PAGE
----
CRM analyst Benjamin Bodart told us since November last, feed compounders, speculators and investors have been watching climatic developments for telltale signs of production volumes and future prices.
“We can’t be bearish about the cereals or maize market currently with uncertainties lingering over weather patterns in South America,” said the analyst.
He said in the weeks up to the end of December, the North and South part of Argentina were very dry. “While conditions in the center, the core maize/soy production region, remain conducive to a good harvest, temperatures in the range of 35 to 40 degrees Celsius are forecast for the next ten days in the northern part of Argentina, not good news for cereal production there,” said Bodart.
The northern and eastern regions of Brazil are also relatively dry, and though rains are forecast for those areas, the total precipitation recorded over the past few weeks has been low. “The maize and, as a result, wheat market could be supported if those factors lead to a reduction in the South American harvest levels,” said Bodart.
Soybean meal prices
He said it is evidently too early to make a call on Brazilian soybean production, a country which has been forecast to produce 103 to 106 million tons of soybeans in this year’s harvest – if realized, a record, or in Argentina, the leading soybean meal exporter globally. “If we keep seeing high temperatures and a lack of precipitation, and thus a reduction in output in those countries, there could be a rebound in soybean and meal prices,” said the market watcher.
Moreover, he said the strength of the dollar against the euro and sterling, on the back of the pending Trump presidency, could make it more expensive for European based feed compounders to import soybean/soybean meal from the US.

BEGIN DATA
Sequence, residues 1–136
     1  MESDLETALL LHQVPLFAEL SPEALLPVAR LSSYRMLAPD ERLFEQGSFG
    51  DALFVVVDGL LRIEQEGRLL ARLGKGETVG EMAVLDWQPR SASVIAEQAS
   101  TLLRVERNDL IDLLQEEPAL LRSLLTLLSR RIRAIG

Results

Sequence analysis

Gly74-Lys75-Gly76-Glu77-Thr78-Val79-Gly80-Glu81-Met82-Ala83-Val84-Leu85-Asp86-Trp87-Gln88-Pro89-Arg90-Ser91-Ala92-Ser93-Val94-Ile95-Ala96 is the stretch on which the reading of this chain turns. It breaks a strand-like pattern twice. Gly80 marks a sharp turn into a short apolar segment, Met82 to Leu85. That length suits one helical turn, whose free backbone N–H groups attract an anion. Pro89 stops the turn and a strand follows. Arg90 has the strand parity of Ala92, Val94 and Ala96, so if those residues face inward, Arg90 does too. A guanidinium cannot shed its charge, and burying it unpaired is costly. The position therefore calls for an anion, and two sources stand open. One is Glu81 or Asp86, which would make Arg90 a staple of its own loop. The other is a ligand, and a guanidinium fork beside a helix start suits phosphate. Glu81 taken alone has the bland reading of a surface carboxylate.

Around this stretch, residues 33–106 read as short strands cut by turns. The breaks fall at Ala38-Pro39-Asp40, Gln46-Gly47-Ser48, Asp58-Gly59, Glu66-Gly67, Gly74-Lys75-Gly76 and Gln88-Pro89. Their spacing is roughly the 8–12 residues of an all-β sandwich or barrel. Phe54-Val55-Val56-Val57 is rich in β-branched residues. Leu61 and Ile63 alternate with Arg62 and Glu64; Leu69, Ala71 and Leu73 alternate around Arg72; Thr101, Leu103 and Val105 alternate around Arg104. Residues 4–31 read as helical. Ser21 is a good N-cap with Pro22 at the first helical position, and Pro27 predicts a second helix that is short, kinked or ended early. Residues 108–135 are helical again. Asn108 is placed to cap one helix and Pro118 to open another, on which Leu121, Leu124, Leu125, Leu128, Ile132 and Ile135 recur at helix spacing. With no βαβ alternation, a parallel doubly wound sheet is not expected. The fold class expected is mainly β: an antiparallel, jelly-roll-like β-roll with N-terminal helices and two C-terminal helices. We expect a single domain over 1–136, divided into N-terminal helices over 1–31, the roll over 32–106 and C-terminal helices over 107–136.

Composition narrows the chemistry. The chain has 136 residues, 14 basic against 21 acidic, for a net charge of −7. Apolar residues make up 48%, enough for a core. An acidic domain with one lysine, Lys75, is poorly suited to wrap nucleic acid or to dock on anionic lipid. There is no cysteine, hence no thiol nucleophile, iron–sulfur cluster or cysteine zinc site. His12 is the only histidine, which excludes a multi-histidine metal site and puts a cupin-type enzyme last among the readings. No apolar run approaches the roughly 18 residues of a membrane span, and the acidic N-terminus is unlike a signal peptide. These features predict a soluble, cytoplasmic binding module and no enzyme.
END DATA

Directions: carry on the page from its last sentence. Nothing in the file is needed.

But as banks and private investors are also predicting parity in the euro and the US dollar, Bodart said it is a case of wait and see. “Currency effects will likely play a huge role in the [agri-commodities market] in 2017,” he added.
In terms of wheat, the analyst said there was also some winter kill risks apparent with a huge drop in temperatures over the past few weeks in the Black Sea production region but also across the US Plains– in Kansas and Nebraska – coupled with little snow cover. “We can’t put a figure on winter kill just yet but 2017 US winter wheat output could be lower as a result, particularly given the fact there was the lowest planted area there for decades,” he said.
The prices of wheat and maize in the US are historically low at the moment, continued Bodart.
“And if investors buy up wheat, offering support to US prices, such a move could also lend support to the European wheat market, given the CBOT Wheat is the global benchmark market for that cereal,” explained the analyst.
However, he reckons we might soon be seeing the end of the long bearish period on cereal and oilseed prices globally. But it will take more though than just those weather related concerns to cement such a pricing trend, he acknowledged.